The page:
Brexit and population growth to leave the NHS short of nurses
Published: 20 Dec 2016
New analysis has found that Brexit and a growing population of over-85-year-olds could leave some NHS trusts in England short of nurses. The research, conducted by the Institute for Employment Studies, finds that there are vulnerabilities in the current NHS nursing workforce which may leave it exposed to some of the unintended consequences of Brexit.
The NHS in England is already short of nurses and the current nursing workforce is ageing, with one in three nurses projected to reach retirement age in the next ten years. The increased demand for nurses, caused by the post-Francis emphasis on safe staffing, is only adding to this pressure. On top of this, the restricted supply of nurses due to constrained budgets has led to too few nurse training places being commissioned and fewer nursing posts.
This perfect storm has led to increasing dependence among some NHS trusts on nurses from the EU. The paper identifies trusts in London and the South East of England as being particularly vulnerable to any post-Brexit disruption to this recruitment pipeline.
To compound these challenges, the research finds that some of these same NHS trusts are also vulnerable to higher-than-average growth in the over-85s, who are most likely to make intensive use of healthcare resources.
Milton Keynes University Hospital NHS Foundation Trust, Burton Hospitals NHS Foundation Trust and Wrightington, Wigan and Leigh NHS Trust all face very rapid population growth amongst the over-85s and have above-average employment of EU nurses, leaving them particularly vulnerable to nursing shortages following Brexit.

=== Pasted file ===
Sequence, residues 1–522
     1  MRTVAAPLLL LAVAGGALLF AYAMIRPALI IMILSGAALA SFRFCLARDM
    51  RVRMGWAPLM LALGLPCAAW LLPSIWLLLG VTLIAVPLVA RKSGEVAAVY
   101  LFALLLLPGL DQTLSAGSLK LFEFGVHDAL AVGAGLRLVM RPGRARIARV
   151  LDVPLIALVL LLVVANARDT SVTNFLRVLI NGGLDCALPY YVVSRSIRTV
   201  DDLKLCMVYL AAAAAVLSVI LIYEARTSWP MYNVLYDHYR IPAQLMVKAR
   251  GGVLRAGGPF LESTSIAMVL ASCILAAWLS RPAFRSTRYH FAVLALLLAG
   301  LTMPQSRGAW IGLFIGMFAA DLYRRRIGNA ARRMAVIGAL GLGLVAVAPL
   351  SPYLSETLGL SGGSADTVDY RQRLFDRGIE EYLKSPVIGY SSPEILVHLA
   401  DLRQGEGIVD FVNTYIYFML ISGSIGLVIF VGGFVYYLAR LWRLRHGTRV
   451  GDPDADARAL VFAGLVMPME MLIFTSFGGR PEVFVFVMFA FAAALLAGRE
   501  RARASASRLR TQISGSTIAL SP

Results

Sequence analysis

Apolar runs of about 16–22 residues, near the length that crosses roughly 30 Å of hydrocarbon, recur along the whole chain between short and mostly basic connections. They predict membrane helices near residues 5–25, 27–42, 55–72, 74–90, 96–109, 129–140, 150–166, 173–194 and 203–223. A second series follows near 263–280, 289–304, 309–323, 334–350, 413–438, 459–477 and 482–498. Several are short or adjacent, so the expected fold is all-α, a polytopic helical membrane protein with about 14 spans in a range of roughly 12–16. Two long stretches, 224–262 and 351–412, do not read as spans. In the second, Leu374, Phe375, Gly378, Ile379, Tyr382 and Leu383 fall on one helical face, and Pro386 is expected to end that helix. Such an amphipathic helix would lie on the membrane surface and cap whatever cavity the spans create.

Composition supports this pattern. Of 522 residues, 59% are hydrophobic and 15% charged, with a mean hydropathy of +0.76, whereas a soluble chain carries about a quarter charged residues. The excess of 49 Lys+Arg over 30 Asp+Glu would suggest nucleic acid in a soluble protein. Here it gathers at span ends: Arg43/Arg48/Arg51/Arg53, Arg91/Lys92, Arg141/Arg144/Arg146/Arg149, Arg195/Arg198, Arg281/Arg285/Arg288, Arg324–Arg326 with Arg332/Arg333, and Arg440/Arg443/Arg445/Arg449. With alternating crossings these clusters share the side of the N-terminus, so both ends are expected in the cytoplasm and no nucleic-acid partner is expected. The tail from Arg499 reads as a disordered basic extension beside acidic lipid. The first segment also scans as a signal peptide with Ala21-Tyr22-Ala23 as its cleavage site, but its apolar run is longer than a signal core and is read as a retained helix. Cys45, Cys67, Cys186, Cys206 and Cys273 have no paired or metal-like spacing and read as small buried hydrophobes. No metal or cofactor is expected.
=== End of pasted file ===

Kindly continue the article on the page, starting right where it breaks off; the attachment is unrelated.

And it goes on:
Dr Rachel Marangozov, lead author, commented:
‘The ongoing uncertainty around Brexit poses serious questions for NHS workforce planners, who need to act now to reduce the impact of ‘worst case’ scenarios. This will be particularly important given that the NHS already faces funding challenges, increasing demand for its services and a rapidly ageing nursing workforce.’
Notes to editor
Some NHS trusts are particularly dependent on EU nurses. At the Royal Brompton and Harefield NHS Foundation Trust, for example, 20 per cent of nurses were from the EU in 2015 and at the Queen Elizabeth Hospital King’s Lynn, 18 per cent of nurses were from the EU in 2015.
For interviews or further information, please contact Lorna Howes:
01273 763 414 or email@example.com
Or Mark Jack:
O1273 763 435 or firstname.lastname@example.org
The report is available to download from the Brexit Observatory: http://www.employment-studies.co.uk/resource/beyond-brexit-assessing-key-risks-nursing-workforce-england
Dr Rachel Marangozov
Dr Marangozov has over a decade of experience in researching labour market disadvantage among minority ethnic and migrant communities, both here in the UK and in other European Member States. She holds M. Phil and PhD degrees from the University of Cambridge and holds a number of advisory positions and affiliations, including Directorship of MigrationWork CIC and Fellow at the London School of Economics.
The Institute for Employment Studies
The Institute for Employment Studies is the UK’s leading independent, not-for-profit centre for research and evidence-based consultancy on employment, the labour market, and HR policy and practice.
IES tweets from @EmploymtStudies
IES Brexit Observatory
The IES Brexit Observatory aims to highlight data, analysis and informed debate about the employment effects of the UK's decision to leave the European Union. In addition to that originating from IES, it is collating content from other organisations which contributes to the debate through new analysis or by raising as yet unanswered questions.